But first, what was our inspiration? We chose one of our favorite symbols of Halloween....the Jack O'Lantern.
Origin of the Jack O'Lantern
The tale of the Jack O'Lantern began back in the mid-1600s in Ireland. The swamps would mysteriously flicker with a flame in the distance causing people to assume this was a mysterious being stalking the swamps at night ~ Come to find out many years later, this is a phenomenom caused when a decomposing plant oxidizes. This bizarre occurrence was the beginning of the legend of Stingy Jack, who carried a turnip lit from within by a single candle.
The legend evolved over time ~ and miles ~ as it came to the states. The beloved Jack O'Lantern has become a time-honored holiday decoration, adorning the porches and windowsills of houses to celebrate the season and provide a lively, slightly eerie glow.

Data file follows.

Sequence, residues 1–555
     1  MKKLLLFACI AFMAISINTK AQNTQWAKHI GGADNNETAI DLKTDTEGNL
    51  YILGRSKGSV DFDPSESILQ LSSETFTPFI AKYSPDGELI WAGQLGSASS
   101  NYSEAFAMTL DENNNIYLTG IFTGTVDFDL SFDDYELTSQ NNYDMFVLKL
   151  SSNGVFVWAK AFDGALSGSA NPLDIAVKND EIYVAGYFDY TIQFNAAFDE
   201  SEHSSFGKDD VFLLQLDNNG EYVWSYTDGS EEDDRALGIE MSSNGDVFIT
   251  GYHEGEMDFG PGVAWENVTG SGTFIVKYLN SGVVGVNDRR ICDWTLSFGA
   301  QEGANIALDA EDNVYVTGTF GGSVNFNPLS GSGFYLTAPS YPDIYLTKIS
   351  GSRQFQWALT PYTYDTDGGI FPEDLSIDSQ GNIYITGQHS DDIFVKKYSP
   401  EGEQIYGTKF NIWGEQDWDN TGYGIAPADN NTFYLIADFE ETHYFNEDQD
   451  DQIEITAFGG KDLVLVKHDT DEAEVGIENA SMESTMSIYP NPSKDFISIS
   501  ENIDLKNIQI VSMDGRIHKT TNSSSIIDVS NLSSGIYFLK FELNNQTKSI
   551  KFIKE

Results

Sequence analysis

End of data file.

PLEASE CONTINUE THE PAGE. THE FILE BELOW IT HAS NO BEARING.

Of course, our YCA kitchens turned this tradition into an edible treat! Choosing oranges to replicate the pumpkin and filling it with a decadent brownie center, we created our own version of a pumpkin patch that can easily become the centerpiece of your Halloween dessert table. No candle required! But you'll definitely want to have plenty of spoons at the ready for these little goodies.
Let's begin and bring our sweet creatures to life!
First, we MISE!
Don't forget! Read your recipe all the way through and gather all of your equipment and ingredients together to avoid leaving out important steps, or worse...having to rush to the grocery store halfway through to pick up ingredients you thought you had on hand! Yikes!